4. Sir William and Maria, like Mr Collins, are impressed by wealth and importance. Elizabeth is not. "Elizabeth's courage did not fail her. She had heard nothing of Lady Catherine that spoke her awful from any extraordinary talents or miraculous virtue, and the mere stateliness of money and rank she thought she could witness without trepidation."
5. Lady Catherine does show actual condescension in rising to greet them. She is of superior rank, and therefore was not strictly required to rise in order to welcome them to her home (although people with good manners would certainly have done so).
6. I love that Charlotte has arranged it so that she's in charge of the introductions in order to make sure it's done right: "[A]s Mrs Collins had settled it with her husband that the office of introduction should be hers, it was performed in a proper manner, without any of those apologies and thanks which he would have thought necessary." HA!
7. Lady Catherine is haughty - plus a word about Mr Wickham.
Lady Catherine was a tall, large woman, with strongly-marked features, which might once have been handsome. Her air was not conciliating, nor was her manner of receiving them such as to make her visitors forget their inferior rank. She was not rendered formidable by silence; but whatever she said was spoken in so authoritative a tone as marked her self-importance, and brought Mr Wickham immediately to Elizabeth's mind; and from the observation of the day altogether, she believed Lady Catherine to be exactly what he had represented.I point out that Lady Catherine seems to exactly fit Wickham's description of her back in Chapter 16. Elizabeth's own observations comport with Wickham's description - no wonder she trusts what he's told her. I'm just . . . putting that out there.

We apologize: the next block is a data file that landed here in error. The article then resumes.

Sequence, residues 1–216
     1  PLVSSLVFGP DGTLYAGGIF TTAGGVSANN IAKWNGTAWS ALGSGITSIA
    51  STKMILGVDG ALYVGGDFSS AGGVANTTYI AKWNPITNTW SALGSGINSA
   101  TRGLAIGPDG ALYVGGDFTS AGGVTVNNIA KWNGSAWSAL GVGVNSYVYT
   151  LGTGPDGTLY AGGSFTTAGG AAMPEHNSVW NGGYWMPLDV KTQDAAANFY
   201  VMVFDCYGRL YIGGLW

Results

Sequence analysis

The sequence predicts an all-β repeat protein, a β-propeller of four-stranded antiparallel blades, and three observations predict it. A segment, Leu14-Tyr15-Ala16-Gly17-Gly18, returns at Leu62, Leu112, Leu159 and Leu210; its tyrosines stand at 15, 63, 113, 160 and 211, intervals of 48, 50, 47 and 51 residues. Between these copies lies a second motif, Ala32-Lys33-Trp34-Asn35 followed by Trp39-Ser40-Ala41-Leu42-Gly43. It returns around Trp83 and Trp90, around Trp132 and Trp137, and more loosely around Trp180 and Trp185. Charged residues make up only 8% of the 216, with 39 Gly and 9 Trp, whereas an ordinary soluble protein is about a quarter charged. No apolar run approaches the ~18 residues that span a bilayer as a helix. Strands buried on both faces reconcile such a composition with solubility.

8. Lady Catherine dines in style, at least as far as the dishes and service goes. Whether the conversation is good or not is another thing entirely. It was considered somewhat improper to speak across the table, at least at a formal meal; one was supposed to converse with one's neighbors. Elizabeth is left stranded, as Charlotte is left to listen to Lady Catherine, while on her other side, Miss De Bourgh says nothing (and is fussed over by her paid companion).
9. After the ladies "retire" to the sitting room after dinner, Lady Catherine proves herself to be a busybody. She both asks Charlotte minute questions and gives her unasked-for advice and directives, then asks Elizabeth a number of questions that would have been considered inappropriate on so short an acquaintance. Not only does she ask questions about Elizabeth's breeding; she also criticizes her upbringing, questioning why only two out of five sisters play piano (Elizabeth and Mary), why none paint, why they didn't have a tutor or a governess, etc. Heck, she even directly asks Elizabeth her age - and everyone knows you aren't supposed to ask a lady her age!(Whose relatives are inappropriate now, Mr Darcy?)